A conspicuous Psaronius specimen
Polished tree trunk cross-sections consisting of a complex central
stele surrounded by interconnected aerial roots, commonly known as
are among the most beautiful fossils on display in museums. (A most
remarkable collection of big polished Psaronius sections
is on display at the Naturkunde Museum Chemnitz. )
stems found in the Lower Permian cherts from Döhlen Basin
near Dresden, Germany, are usually small, with diameters below 20cm,
(with one big exception of 30cm hitherto,)
squeezed. They are less abundant in the cherts than fern foliage. (See
Chert News 1, 2.)
observation that foliage found together with Psaronius in the
samples is always Scolecopteris,
the "maggot fern", it is obvious that the two belong together.
The specimen seen here is distinguished by an uncommon
advanced decay and excellent preservation: The collaps or squeezing
process which had affected virtually all
stems in the Döhlen Basin while lying
in the swamp did not at all affect a large part of the aerial root
mantle of this stem. Only the centre and about
half the aerial root mantle became squeezed. Apparently the
tissues of the centre and adjacent roots became weakened by rot faster
influx of silica by diffusion could stabilize them so that the
centre and the roots near the centre collapsed.
the stem of Scolecopteris,
the "maggot fern", in cross-section: most
beautiful specimen found hitherto in the Döhlen Basin. Width of the
Preservation by silicification
is governed by the
between tissue decay and
silica uptake processes. These processes are
interdependent, which complicates things:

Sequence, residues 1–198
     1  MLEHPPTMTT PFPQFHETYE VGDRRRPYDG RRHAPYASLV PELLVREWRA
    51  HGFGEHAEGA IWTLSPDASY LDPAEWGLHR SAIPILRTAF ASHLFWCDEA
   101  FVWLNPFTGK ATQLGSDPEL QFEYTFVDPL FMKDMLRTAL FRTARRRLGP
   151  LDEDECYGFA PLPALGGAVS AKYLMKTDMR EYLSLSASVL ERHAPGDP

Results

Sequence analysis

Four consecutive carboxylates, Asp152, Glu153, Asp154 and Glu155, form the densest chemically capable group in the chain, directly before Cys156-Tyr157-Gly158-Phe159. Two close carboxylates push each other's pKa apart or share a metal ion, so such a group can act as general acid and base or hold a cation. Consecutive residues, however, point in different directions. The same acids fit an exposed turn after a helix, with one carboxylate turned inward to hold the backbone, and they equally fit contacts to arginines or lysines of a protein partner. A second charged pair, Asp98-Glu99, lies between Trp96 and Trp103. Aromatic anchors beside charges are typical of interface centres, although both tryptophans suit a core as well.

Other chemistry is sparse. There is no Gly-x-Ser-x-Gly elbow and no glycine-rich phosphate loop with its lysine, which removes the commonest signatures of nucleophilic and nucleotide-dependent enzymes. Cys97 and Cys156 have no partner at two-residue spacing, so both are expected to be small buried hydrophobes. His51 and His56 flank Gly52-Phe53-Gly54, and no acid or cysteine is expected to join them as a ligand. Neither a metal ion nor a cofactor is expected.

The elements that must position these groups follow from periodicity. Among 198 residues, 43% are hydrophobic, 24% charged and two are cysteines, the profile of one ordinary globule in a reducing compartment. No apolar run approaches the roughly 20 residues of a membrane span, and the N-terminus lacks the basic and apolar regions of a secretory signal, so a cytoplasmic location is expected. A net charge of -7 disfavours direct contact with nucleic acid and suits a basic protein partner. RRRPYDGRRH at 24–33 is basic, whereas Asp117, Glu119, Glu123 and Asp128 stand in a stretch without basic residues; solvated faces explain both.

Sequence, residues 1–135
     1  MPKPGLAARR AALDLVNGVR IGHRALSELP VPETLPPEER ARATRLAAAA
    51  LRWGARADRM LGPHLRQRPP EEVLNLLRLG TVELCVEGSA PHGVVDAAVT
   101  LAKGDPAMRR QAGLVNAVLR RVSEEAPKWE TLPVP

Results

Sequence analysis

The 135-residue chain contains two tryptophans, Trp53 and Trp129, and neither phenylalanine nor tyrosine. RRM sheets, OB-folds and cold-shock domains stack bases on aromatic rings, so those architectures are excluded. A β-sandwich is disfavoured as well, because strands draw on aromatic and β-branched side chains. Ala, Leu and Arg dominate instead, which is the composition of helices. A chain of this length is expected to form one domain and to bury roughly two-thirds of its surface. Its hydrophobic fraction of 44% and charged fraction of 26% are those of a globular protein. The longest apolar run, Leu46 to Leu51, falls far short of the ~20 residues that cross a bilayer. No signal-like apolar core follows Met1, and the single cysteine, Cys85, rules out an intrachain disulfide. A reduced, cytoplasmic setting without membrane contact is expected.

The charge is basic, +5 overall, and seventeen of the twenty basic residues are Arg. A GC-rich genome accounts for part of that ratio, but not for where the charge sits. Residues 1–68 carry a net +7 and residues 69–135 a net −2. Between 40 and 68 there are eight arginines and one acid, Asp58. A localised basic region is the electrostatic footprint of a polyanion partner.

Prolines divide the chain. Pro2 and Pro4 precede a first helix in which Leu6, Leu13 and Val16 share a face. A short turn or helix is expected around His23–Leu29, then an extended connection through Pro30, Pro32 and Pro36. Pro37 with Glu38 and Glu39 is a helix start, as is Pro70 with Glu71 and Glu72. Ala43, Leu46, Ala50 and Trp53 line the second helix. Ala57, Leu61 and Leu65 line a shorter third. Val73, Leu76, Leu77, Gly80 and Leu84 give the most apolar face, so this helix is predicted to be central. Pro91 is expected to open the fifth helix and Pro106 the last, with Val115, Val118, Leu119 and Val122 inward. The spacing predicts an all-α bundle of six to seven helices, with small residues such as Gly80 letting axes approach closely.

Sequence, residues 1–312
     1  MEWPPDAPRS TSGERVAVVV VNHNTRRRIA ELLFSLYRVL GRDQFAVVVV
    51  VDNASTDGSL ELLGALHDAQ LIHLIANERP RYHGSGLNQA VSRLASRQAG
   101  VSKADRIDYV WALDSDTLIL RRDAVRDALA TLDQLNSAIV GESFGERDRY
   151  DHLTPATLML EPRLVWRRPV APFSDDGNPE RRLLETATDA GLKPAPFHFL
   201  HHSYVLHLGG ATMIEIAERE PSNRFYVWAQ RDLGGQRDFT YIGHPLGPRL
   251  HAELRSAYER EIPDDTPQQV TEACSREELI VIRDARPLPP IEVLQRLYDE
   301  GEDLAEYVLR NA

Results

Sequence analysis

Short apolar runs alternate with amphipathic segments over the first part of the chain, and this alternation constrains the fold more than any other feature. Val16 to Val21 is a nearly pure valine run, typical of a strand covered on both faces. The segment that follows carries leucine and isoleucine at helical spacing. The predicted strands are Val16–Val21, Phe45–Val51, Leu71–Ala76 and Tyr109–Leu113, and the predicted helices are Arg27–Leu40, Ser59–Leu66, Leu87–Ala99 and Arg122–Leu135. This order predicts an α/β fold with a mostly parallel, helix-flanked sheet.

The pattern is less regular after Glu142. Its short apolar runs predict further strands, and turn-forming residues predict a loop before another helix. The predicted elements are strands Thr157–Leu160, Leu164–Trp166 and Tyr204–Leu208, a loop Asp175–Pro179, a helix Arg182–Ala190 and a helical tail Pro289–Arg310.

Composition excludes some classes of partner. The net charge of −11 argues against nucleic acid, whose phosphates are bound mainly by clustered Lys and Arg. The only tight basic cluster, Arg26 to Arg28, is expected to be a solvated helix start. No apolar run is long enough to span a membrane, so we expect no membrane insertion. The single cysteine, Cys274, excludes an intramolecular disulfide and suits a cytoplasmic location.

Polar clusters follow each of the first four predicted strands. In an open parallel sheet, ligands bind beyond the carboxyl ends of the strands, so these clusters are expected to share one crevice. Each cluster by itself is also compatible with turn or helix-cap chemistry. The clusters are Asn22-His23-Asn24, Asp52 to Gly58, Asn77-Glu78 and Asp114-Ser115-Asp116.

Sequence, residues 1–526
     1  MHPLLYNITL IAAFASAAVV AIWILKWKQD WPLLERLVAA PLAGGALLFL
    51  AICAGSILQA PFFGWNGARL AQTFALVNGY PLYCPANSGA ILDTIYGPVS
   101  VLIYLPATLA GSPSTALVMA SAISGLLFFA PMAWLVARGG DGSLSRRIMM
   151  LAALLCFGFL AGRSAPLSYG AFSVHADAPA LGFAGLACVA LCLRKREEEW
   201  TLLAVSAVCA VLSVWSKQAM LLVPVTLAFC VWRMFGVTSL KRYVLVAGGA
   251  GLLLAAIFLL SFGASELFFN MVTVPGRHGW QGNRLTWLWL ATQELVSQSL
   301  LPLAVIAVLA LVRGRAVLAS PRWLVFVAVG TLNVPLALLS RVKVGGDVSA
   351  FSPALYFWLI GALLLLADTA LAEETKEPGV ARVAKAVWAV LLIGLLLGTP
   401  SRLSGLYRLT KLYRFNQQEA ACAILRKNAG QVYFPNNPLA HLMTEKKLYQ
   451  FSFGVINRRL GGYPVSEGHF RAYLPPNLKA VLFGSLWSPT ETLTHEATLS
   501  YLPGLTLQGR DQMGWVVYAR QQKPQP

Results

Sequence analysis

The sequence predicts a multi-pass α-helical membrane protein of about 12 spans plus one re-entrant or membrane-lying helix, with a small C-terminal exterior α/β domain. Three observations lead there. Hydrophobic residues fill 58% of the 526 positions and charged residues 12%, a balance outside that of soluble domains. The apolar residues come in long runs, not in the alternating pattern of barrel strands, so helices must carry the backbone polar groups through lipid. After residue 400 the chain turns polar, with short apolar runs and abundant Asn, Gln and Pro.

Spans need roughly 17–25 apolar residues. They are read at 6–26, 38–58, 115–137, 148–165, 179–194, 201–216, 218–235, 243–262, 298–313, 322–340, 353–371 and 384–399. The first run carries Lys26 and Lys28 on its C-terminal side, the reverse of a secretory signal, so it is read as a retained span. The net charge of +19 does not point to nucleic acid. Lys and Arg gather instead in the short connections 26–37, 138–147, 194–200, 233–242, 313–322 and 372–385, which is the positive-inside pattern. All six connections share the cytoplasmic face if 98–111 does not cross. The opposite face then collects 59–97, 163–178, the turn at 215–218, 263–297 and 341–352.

Silica influx is
precluded by diffusion barriers in healthy tissue and hence furthered
by progressive decay. On the other hand, decay becomes increasingly
delayed as silica accumulates in the tissue. Also the various tissues
are differentially resistant to decay. Considering all this, one need
not wonder why some features of the
fossil are not easily understood.
Apparently the silica penetrated the strong walls of the aerial roots
so slowly that
the inner tisse decayed and vanished before it could become
preserved by the mineral deposition.
Silica subsequently entering into the cavity formed agates. Same as
with the agates in small cavities in volcanic rock, it is always a
cause of wonder that neighbouring ones may look completely different
from each other, as in Fig.2.
Obviously, tiny differences of the chemical constitution of the
water-filled cavities result in large effects on the
deposition of SiO2 and
colourful minerals, mostly iron oxides.
Fig.2, left: Agates in hollow aerial roots. Width
of the picture 1.2cm.
right: Complex agate formed by a sequence of deposition processes in a
hollow aerial root after it had been split by a crack. Width of the
As a peculiar fact, the xylem strand of the aerial roots with its
characteristic "star-shaped" cross-section, which is usually preserved,
has vanished here together with the soft tissue surrounding it.
such complete decay of the interior of the aerial roots, the
cellular structure of their wall is completely
preserved. (Not well seen with this magnification.)
Sample: Bu7/24.2 , found at the type locality of Scolecopteris,
2000; Photographs: M. Barthel.
 R. Rößler :
Der versteinerte Wald von Chemnitz,